The apartment was on the ground floor and opposite my door but at 90 degrees to it was another door leading into a covered staircase which went up to the first floor. “Problem…” he said, and indicated the doorbell switch on the second door; I walked back out into the rain to make a point of looking at the doorbell, “OK, rozumiem”, I said, and after shaking my hand he took his leave, through his door and upstairs leaving me to go back in through my door. I closed the door and looked around, yes, this would indeed be fine I decided. I opened the door to the toilet/shower room, yes, fine indeed.

I unpacked a few things from my bag, then I heard the warning siren for the level crossing, it was not nearly as loud or intrusive as I imagined it might have been. I opened the front door and stood there looking out, waiting for the promised train to appear. By now it was raining quite heavily and soon enough a train trundled past, yes, I concluded, fine indeed.

door view 1
View from my door

I pottered about for about half an hour, getting my gadgets out and plugging them in to charge their little batteries, checking things on Facebook, checking my emails, you know, all that sort of important, trivial stuff. The rain showed no sign of easing but I wasn’t for siting in all afternoon/evening. I pulled my boots on, Chelsea, not Wellington, donned my waterproof jacket which I’d bought the day before in Poznań. Not a proper jacket more of an over-thingy really, thin PVC sort of thing. Before I arrived in Poland the weather forecasts I’d seen suggested more sunshine than rain but on the rainy day I bought the jacket there wasn’t much sunshine in evidence. Anyway, wearing said jacket and with umbrella held high, I ventured out into the rain.

First priority, find a shop and buy some fodder. Rather than retrace my route from the station I decided to let my unerring sense of direction guide me on a loop around which would eventually bring me back in the direction of the station; it almost worked. I found a shop and bought some fodder, nothing very healthy but something to munch on later in the evening and for breakfast; I also copped two bottles of local beer and a packet of Uszatki, a variety of pierniki, Poland’s rightly famous gingerbread. Uszatki is a mint flavoured, sugar frosted, soft gingerbread and quite delicious. So, with provisions in the bag, I set off to find the station and then the beach, I’d memorised the way to the beach from the station you see, but as it happened, my unerring sense of direction erred a bit and I pitched-up at the beach first, bypassing the station somewhere. I reached a paved thoroughfare with seaside-town-type-shops, restaurants, cafes and shops selling ice cream and souvenirs. The thoroughfare led directly onto Kołobrzeg’s short pier.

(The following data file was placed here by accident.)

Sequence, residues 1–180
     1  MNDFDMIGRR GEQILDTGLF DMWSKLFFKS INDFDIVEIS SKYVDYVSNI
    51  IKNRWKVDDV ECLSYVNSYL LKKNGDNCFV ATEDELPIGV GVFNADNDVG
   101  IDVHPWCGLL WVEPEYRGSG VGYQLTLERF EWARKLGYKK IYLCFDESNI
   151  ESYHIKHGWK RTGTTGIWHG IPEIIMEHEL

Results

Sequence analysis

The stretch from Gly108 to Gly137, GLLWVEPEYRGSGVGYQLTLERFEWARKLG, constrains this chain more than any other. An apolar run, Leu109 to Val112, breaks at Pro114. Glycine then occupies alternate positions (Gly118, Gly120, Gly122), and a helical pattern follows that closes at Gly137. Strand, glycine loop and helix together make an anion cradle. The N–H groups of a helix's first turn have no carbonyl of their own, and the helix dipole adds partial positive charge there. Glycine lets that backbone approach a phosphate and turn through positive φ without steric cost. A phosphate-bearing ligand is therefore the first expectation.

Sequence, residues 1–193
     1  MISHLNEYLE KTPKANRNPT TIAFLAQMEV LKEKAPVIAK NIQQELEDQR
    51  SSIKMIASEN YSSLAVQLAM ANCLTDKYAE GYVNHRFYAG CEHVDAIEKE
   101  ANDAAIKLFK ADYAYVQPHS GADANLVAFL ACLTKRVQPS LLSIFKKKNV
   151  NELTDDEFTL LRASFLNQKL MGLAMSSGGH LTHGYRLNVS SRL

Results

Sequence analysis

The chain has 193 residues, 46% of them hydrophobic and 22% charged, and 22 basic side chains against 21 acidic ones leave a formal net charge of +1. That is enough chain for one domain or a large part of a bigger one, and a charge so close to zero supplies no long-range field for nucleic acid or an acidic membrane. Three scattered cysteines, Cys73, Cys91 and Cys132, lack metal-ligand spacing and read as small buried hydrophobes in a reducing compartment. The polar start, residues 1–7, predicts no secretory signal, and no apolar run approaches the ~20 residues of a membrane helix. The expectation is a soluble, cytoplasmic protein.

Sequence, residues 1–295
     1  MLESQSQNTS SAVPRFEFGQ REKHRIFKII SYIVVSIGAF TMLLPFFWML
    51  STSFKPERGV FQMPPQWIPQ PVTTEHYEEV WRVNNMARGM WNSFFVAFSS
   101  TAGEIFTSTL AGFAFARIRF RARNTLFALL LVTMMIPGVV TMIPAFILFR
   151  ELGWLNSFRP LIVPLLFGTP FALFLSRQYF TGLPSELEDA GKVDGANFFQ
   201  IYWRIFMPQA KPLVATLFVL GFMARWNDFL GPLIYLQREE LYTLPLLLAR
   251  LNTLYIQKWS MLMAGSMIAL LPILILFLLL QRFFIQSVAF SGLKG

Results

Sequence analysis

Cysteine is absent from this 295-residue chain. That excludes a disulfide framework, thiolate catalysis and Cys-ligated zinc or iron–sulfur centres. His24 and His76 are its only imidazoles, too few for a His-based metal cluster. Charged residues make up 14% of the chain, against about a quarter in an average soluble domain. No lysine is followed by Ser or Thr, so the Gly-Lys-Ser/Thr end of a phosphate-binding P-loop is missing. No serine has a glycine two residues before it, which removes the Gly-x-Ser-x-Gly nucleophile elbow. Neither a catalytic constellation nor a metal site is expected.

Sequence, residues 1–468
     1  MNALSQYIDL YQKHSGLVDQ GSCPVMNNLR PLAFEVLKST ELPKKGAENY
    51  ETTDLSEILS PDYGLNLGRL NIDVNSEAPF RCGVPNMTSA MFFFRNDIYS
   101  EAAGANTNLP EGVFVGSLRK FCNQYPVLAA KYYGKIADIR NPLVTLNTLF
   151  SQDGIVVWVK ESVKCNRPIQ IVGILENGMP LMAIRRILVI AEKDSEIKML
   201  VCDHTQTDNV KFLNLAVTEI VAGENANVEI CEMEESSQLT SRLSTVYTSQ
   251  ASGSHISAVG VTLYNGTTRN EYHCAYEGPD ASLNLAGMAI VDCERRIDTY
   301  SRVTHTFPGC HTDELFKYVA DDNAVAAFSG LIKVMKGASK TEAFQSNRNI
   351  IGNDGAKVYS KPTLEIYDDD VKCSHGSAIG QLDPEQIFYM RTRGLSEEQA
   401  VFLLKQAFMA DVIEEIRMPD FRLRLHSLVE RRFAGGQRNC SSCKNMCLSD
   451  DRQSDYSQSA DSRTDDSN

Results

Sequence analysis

The grey sky came down to a grey horizon and kissed the grey, almost flat calm sea. There were a few people about, hardy types or maybe just idiots, like me. I walked out onto the pier and a chap approached me, “Przepraszam”, he said holding out his mobile phone and indicating that I should take a picture of him on the pier, I indicated my assent to his request and took his phone, took a few pictures and handed it back to him. “Danke”, he said as he took it back, “Ah” I thought, “another crazy tourist.”

I walked to the far end of the pier, taking selfies as I went, well, yes, of course I did, who wouldn’t? Sand, sea and rain and all that; I’d made it to the coast. Three years ago I was in Gdańsk and I’d planned to visit the beach at Sopot but being a newbie in Poland I got confused by the ticket machines and you know, being a bloke and all that and not wanting to actually ask anybody for help, I gave up on the idea, confining myself to Gdańsk for a few days, which was nice enough. Meanwhile on the pier in It Kołobrzeg was raining, I might have mentioned that, it was raining very heavily, my jeans were wet almost up to my knees and my boots were making a squelching sound when I walked; time to get indoors and get dried off. I walked back down the pier and made for where I now realised the railway station was and thus got back to the apartment.

After getting dried off, hanging soggy clothing up to dry and unpacking the goodies I’d bought from the shop (I also seemed to have collected a decent amount of rainwater in the bottom of the carrier bag) I brewed a man-sized mug of tea and, It being Wednesday and there being Wi-Fi available in the apartment, I settled down for the weekly ritual of listening to the Rock’n’Prog show. As Steve Hogarth once sang; “Thank god for the internet“, but in a rather better sense than was meant in that particular song…

After three hours of listening to some rather good music and “chatting” with other audience members on the show’s Facebook page, the show finished at midnight. I decided it was time to get some kip but before I turned-in for the night I opened the door and peeked out, it was still raining.

Link to: Kołobrzeg – a trip to the seaside.
Part 2; Wind, Waves, Sand, Sun and Lighthouse.